Top 3 Open-Source Cross-Distribution Package Management Systems for Linux

Package management or software installation on Linux systems can be very puzzling especially for newbies (new Linux users), as different Linux distributions use different traditional package management systems. The most confusing part of it all in most cases is package dependency resolution/management.

For example, Debian and its derivatives such as Ubuntu use .deb packages managed using the DPKG package management system and distributions in the RHEL (Red Hat Enterprise Linux) family use .rpm packages managed using the RPM package management system.

In the last few years, package management and distribution in the Linux ecosystem have never been the same after the rise of universal or cross-distribution package management tools. These tools allow developers to package their software or applications for multiple Linux distributions, from a single build, making it easy for users to install the same package on multiple supported distributions.

In this article, we will review the top 3 open-source universal or cross-distribution package management systems for Linux.

1. Snap

Snap is a popular open-source application/package format and package management system developed by Canonical, the makers of Ubuntu Linux. Several Linux distributions now support snaps including Ubuntu, Debian, Fedora, Arch Linux, Manjaro, and CentOS/RHEL.

A snap application is a cross-distribution application bundled with all its dependencies (dependency-free) for easy installation on any Linux distribution that supports snaps. A snap can run on a desktop, server, in the cloud, or IoT (Internet of Things).

To create or snap an application, you use snapcraft, a framework, and a powerful command-line tool for building snaps. To install and use snaps in Linux requires you to install snapd (or the snappy daemon), a background service that enables Linux systems to work with .snap files. The actual installation of snaps is done using the snap command-line tool.

Because they run under a confinement (different and configurable confinement levels), snaps are secure by default. Importantly, a snap that needs to access a system resource outside its confinement employs an “interface” that is carefully selected by the snap’s creator, based on the snap’s requirements. This enables you to run applications without compromising the base operating system’s stability and flexibility.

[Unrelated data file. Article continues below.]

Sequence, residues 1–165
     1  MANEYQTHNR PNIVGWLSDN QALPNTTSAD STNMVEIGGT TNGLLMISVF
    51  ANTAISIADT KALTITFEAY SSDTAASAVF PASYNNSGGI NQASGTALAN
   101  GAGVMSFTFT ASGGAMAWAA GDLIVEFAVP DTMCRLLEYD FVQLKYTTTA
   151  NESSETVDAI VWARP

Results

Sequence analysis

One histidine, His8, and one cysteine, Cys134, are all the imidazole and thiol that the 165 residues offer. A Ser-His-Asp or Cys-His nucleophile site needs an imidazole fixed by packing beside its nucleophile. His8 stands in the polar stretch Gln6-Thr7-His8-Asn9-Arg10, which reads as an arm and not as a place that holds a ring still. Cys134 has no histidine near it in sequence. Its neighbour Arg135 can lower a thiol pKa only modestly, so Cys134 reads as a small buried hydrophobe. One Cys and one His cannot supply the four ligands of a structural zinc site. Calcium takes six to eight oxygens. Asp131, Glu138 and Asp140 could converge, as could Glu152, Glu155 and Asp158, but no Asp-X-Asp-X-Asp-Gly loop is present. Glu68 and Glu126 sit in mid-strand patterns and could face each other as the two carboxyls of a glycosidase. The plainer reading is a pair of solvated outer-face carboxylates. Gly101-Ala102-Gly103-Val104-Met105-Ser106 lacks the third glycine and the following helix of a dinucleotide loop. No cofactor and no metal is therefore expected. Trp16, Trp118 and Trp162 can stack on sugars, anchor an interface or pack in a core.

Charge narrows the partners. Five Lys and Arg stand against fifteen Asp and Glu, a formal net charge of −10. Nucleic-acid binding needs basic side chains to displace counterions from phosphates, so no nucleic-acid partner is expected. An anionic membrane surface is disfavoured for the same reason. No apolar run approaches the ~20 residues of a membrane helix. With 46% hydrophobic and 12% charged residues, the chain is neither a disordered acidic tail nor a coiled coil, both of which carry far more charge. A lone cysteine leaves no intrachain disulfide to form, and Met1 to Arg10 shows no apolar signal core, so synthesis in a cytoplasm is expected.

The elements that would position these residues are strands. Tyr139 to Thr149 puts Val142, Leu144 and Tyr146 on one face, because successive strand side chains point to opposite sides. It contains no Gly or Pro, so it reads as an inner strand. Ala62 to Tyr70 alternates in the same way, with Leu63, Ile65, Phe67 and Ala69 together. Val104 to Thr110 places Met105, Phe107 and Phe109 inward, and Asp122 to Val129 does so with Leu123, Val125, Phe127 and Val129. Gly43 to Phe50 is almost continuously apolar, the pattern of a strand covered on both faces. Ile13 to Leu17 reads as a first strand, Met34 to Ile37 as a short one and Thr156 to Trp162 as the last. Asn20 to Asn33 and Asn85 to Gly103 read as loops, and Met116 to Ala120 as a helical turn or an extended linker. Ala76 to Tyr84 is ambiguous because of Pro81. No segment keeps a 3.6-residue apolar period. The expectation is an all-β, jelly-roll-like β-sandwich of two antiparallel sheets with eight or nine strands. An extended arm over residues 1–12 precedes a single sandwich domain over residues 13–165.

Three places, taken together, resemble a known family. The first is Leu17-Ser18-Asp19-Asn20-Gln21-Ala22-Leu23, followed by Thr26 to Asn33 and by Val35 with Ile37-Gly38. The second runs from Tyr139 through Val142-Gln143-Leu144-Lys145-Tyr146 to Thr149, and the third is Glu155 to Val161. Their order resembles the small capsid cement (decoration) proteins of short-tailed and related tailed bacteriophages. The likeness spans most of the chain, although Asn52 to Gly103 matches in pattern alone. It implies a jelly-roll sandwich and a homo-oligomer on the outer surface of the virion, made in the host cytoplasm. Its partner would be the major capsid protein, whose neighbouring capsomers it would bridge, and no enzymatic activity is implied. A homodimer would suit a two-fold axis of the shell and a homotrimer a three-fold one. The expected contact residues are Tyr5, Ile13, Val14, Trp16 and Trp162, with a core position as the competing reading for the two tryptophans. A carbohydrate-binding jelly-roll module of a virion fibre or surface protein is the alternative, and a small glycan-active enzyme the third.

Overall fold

Additionally, the snap package management system uses a concept called channels (which consists of and is subdivided by tracks, risk-levels, and branches) to determine which release of a snap is installed and tracked for updates. Snaps also auto-update, a process that you can manage manually.

To find and install a snap, search for it in the snap store (a place where developers can share their snaps) or read more about it using our guides:

2. FlatPak

Flatpak is a well known open-source framework for distributing desktop applications on Linux distributions. Developed by an independent community, Flatpak allows a single application build to be installed and run on virtually any Linux distribution. It supports a total of 25 distributions including Fedora, Ubuntu, RHEL, CentOS, OpenSUSE, Arch Linux, and also run on Raspberry Pi.

Flatpak’s runtimes provide platforms of common libraries that an application can leverage. However, it also makes it extremely easy for you to have full control over dependencies, you can bundle your own libraries as part of your application.